Chapter 3 Simple methods for quality control
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The methods described below have been included because:
It should be noted that many of the methods described in this chapter are comparative and not absolute methods. In other words the results may be used to give a comparison with other results obtained by the same method but they cannot be compared to results found using a different method. For most purposes this is acceptable for routine quality control but it should be emphasised that careful attention is needed to ensure that exactly the same procedure is used on each occasion.
To measure the amount of acid (such as citric acid, acetic acid, lactic acid, etc.), it is necessary to titrate a sample of the food with sodium hydroxide solution. It is not sufficient to measure the pH of a food (see pH measurement below) as this does not tell you the amount of acid present.
The method involves the following steps:
1 take a 10 ml sample of liquid food or 10 g of solid food
2 if solid, the food should be liquidised to a fine pulp
3 mix the sample with 90 ml of distilled water, making sure that it is completely mixed
4 add about 0.3 ml of an indicator solution (eg 1% phenolphthalein in 95% solution of ethanol)
5 fill a burette (Fig. 37) with 0.1 M sodium hydroxide solution (obtainable from larger pharmacies) and titrate the sample until there is a pink colour that does not change.
6 calculate the amount of acid as " % acid per ml of liquid food" or "per g of solid food" using the formula: % acid = number of ml of sodium hydroxide x one of the conversion factors below:
acetic acid (vinegar) 0.060
citric acid 0.070
tartaric acid 0.075
lactic acid 0.090
It is necessary to know what is the major acid present in a type of food before selecting the conversion factor.
Figure 37: A burette used for titration
The determination of levels of chlorine in water is usually carried out using a calorimetric test in which a chemical dye, which reacts with chlorine, produces a colour that is proportional to the amount of chlorine present.
The test requires the use of a 'Lovibond Comparator' (Figure 38: A comparator, used to test chlorine levels in water). This is supplied with a number of discs of coloured glass that are calibrated for different chlorine levels (eg 1 to 10 ppm, 10 to 50 ppm etc).
In use, a few drops of the dye are placed in test tube. The water under test is added and a colour develops. The tube is then placed in the comparator and the colour is matched with one of the calibrated discs.
These chlorine test kits are available from a number of suppliers and it is suggested that those considering testing chlorine levels in water should consult the local Water Department which will be able to advise on the nearest source of supply and possibly provide training in the method.
In most countries there are legal requirements which state that a container has the weight of its contents written on the label and that the net weight of food inside is not less that this weight. This should be routinely checked by taking regular samples of filled containers and placing them on a scale (Fig. 24). On the other side of the scale there is the heaviest empty container from a batch (see 'weight of glass containers' below) plus a metal weight that is equal to the net weight shown on the label. Filled containers that are underweight should be removed and re-filled. The results of these checks should be recorded on a chart and related back to the worker who is filling the containers or operating a filling machine to ensure that accuracy of filling increases with experience gained.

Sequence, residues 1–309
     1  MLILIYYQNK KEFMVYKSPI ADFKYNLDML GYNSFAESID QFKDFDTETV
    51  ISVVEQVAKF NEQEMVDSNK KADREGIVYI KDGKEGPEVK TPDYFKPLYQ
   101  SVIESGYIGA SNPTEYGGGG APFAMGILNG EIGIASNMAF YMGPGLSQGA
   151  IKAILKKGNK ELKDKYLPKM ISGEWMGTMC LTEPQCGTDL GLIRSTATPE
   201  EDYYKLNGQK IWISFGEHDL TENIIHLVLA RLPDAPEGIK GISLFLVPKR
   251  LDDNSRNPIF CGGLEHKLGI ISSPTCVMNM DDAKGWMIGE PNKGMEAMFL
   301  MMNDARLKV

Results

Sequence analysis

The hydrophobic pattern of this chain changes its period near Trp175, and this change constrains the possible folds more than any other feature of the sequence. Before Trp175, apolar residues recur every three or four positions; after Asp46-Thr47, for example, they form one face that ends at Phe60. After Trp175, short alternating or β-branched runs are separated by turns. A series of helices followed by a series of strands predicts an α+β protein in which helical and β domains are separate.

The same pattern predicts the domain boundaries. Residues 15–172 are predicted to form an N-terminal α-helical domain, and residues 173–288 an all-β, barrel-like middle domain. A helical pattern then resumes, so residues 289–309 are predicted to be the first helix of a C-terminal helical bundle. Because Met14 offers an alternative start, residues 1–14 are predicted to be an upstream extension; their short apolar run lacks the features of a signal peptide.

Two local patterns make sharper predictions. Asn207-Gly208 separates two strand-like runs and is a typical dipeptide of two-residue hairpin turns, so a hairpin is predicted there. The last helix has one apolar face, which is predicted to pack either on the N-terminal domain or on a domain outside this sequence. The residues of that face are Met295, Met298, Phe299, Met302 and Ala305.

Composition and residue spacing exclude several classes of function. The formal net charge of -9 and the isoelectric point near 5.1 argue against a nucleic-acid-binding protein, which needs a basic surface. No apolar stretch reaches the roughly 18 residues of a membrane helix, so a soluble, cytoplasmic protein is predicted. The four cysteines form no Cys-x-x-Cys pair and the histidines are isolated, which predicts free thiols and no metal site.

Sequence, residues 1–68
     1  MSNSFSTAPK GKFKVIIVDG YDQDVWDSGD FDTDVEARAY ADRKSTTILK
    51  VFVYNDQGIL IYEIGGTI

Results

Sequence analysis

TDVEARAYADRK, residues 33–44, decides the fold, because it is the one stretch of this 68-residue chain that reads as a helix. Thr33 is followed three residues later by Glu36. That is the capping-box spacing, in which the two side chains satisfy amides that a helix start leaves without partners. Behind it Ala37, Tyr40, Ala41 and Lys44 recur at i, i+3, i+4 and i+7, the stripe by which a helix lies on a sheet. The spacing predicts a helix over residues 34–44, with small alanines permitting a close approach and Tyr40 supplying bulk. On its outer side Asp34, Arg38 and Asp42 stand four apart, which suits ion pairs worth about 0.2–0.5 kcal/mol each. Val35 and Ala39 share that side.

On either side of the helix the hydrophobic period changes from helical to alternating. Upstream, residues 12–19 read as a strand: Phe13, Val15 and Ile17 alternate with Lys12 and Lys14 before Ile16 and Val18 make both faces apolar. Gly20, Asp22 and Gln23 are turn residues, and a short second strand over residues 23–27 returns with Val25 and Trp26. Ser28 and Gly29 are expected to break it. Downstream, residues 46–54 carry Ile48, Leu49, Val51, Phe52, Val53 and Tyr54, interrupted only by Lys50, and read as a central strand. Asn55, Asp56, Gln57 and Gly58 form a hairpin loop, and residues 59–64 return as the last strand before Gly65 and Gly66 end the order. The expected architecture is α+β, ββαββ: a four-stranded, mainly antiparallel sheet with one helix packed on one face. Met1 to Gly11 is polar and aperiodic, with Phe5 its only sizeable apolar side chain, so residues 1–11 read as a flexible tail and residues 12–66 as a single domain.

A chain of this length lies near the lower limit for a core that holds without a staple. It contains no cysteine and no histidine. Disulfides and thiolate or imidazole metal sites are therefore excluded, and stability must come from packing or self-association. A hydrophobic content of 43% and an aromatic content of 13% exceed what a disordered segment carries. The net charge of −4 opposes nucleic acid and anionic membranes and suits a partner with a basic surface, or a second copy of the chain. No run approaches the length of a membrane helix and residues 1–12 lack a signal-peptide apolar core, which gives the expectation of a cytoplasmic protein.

It should be noted that this is the "minimum weight" method of checking fill-weights. It is intended to ensure that all packs contain more than the net weight shown on the label and it is a simple system for small scale producers to operate. There is however another system, known as the "average weight" system, which relies on the statistical probability that a known proportion of packs will be above the net weight. This system was developed in Europe for automatic filling operations and is un-necessarily complex for small scale producers. However if exports to Europe, USA or some other countries are contemplated, then it is recommended that details of this system should be obtained from a local Export Development Board or its equivalent.
1 100 grams of flour is weighed onto a flat surface.
2 Flour is flattened using a ruler.
3 Flour is examined after two minutes for evidence of pimpling, i.e. surface disturbance.
Pimpling indicates the presence of flour mites breaking the surface for air.
Glass container measurement
Glass containers have more variable dimensions than either plastic or metal containers because of the nature of their manufacture. It is therefore important to check particular dimensions to ensure that a) a container has the expected capacity; b) that the neck is properly formed and will allow the lid to fit properly; c) that the container is vertical to prevent it breaking in a filling machine, and d) that the weight of a sample of empty containers is checked to find the heaviest in a batch for use in check-weighing.
Glass pieces are also a particular danger to customers if they become mixed into the product. It is therefore essential that the checks described below are routinely performed on all glass containers.
Finally glass containers are often re-used and may have become contaminated by kerosene, pesticides or other materials. They should be thoroughly washed and inspected by looking and smelling to ensure that no residues remain before the food is filled.
Weight of containers
Take a random sample of empty containers from an incoming batch (for example 1 in 50) and weigh them, together with their lids. The required check-weight is calculated as the weight of the heaviest container plus the net weight of product.
Capacity of containers
Weigh a dried container and then fill it to the top with distilled water at 20°C. Reweigh the filled container and the difference in weight (in grams) is equivalent to the capacity in ml. This capacity should be great enough to allow sufficient food to be filled to meet the net weight declared on the label.
A space is required between the surface of a hot-filled product in a jar and the underneath surface of the lid. This allows a partial vacuum to form when the product cools and thus helps to prevent spoilage. The volume of the headspace does not normally exceed 10% of the capacity of the container. Measuring the depth of the headspace is a quick method of assessing the volume, but the depth varies according to the capacity of the container (larger containers require a deeper headspace).